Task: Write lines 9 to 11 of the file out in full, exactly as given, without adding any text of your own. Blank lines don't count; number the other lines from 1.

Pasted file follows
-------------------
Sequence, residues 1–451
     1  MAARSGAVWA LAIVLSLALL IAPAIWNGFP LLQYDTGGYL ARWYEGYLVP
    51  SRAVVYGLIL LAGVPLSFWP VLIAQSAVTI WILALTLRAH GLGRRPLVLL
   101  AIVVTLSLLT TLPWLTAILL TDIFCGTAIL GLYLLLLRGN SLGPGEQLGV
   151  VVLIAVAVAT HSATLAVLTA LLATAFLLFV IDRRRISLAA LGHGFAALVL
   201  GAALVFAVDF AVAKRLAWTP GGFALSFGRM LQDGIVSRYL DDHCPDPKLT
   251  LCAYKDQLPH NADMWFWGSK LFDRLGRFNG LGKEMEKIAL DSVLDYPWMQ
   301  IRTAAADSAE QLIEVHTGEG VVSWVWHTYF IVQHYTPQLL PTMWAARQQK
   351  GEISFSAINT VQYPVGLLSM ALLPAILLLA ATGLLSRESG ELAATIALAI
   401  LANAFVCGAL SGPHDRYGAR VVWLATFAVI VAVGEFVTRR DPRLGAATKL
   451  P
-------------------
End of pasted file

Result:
   351  GEISFSAINT VQYPVGLLSM ALLPAILLLA ATGLLSRESG ELAATIALAI
   401  LANAFVCGAL SGPHDRYGAR VVWLATFAVI VAVGEFVTRR DPRLGAATKL
   451  P